- The Abbey of the Genesee - http://www.geneseeabbey.org -

September 19, 2017

Fr. Isaac Slater, OCSO [1]

Funeral Mass, Fr. Marcellus Earl OCSO, 9/19/17

About two weeks ago I was praying in chapel after Vigils and my phone buzzed. Randy, our line manager, was calling to let me know that Fr Marcellus was over in the bakery ready for work. Apparently he thought he’d seen his name on the schedule and, despite the fact that he’d come through surgery for lung cancer and more recently a stroke, 4:30 a.m., he was on the job!

This episode shows a number of Fr Marcellus’ qualities, I think; his eccentricity, of course—you never knew just what to expect!—but also his amazing determination. He could barely walk down the hall, but he thought the brothers needed him in the bakery so there he was. It shows as well a certain child-like quality. Our abbot, Fr Gerard, who was very sorry that he couldn’t be here, wrote of Marcellus: “I was always struck by how simple, transparent and obedient he was; a man ‘without guile’ who came to embody Cistercian simplicity. He suffered a lot but there was never a complaint.”

He was very much the spiritual son of his first Abbot Gerard McGinley. It’s striking that the day of his burial should fall so naturally on the anniversary of Dom Gerard’s death, a day each year, when we commemorate all the departed members of our community. He was so much a monk of Genesee. Like Dom Gerard, he was deeply devoted to St Therese of Lisieux and her way of spiritual childhood and he became a convincing disciple of this path.

Throughout his life Fr Marcellus was an avid runner, or at least jogger and walker—he often joked about how slow he was! This was something he and I shared and often spoke about. About five years ago he passed along a book he’d found at the public library called ‘Born to Run’ about men and women running 100 and even 200 mile foot-races through extreme terrain. Both he and I were quite captivated by the book and began plotting out first marathons… While not at all aggressive, and not very competitive, I think what so grabbed Marcellus’ imagination about this book, what resonated with him, was the willingness to go slow and persevere with extreme tenacity.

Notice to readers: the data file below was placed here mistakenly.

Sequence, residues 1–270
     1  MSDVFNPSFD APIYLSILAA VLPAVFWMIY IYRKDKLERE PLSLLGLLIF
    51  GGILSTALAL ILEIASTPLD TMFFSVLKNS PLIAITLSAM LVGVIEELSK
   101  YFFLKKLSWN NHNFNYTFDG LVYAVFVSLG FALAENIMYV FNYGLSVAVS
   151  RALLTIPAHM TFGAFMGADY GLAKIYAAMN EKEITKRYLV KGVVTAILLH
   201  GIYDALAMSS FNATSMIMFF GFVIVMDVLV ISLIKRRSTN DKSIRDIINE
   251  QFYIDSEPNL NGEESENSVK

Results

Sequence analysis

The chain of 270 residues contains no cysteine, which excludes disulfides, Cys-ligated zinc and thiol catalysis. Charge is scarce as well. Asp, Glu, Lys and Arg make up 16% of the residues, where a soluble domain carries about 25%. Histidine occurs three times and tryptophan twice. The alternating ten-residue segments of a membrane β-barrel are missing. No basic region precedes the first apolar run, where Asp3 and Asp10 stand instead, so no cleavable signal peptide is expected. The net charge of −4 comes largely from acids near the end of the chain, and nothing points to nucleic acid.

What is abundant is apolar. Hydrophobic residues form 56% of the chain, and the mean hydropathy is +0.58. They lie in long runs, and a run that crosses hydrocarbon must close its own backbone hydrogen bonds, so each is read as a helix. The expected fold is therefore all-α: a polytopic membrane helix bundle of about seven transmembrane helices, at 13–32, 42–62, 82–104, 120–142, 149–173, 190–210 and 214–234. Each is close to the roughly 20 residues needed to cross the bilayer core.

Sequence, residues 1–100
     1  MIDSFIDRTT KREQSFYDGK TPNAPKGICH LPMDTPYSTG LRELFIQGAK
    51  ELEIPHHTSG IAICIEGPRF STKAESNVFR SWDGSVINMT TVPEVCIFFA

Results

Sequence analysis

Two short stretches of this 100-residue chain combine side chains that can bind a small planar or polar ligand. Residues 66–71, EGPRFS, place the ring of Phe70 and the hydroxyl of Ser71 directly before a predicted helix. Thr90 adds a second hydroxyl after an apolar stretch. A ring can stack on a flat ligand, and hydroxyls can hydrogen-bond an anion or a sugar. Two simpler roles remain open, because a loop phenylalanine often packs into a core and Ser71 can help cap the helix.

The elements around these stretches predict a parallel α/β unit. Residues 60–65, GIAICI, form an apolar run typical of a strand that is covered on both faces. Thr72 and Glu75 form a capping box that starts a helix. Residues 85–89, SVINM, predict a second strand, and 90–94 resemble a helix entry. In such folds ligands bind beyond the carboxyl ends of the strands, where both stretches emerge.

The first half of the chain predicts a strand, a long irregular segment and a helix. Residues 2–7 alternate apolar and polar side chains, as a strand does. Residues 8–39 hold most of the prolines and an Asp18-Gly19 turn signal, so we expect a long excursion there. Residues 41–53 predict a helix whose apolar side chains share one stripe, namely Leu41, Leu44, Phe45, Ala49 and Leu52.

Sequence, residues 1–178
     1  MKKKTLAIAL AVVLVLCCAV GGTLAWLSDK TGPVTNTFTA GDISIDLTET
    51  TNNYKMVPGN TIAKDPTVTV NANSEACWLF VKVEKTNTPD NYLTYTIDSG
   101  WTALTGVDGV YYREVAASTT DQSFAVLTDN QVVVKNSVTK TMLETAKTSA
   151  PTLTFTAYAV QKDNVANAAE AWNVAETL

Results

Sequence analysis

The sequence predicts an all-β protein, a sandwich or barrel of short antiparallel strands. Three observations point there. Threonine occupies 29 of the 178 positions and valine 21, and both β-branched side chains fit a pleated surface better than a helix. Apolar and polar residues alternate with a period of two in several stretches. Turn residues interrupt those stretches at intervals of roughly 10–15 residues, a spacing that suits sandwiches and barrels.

Marcellus was born “Richard”, son of Elwyn and Bernadine Earl, in Battle Creek Michigan, 1931. He served in the U.S Air Force during the Korean War, playing in the band. There he was impressed by the example of several Roman Catholic airmen and began his own path toward conversion to the Catholic faith. Before long he was knocking on the door at Genesee, and meeting for the first time with Dom Gerard McGinley. He persevered through the painful, sudden death of Dom Gerard, and through the years around the Second Vatican Council, when Genesee dropped in numbers from a community of 70 down to 35. Early on, he served as herdsman for the Abbey’s beef cattle herd. He was greatly disappointed when it was decided to sell the herd, but was able to let go without bitterness. He was a gardener, especially fond of cultivating roses. One brother perceptively spoke in this connection of Fr Marcellus’ “hopefulness”—how, if a strain of roses he was working on didn’t come out right, he was always hopeful it would turn out next year.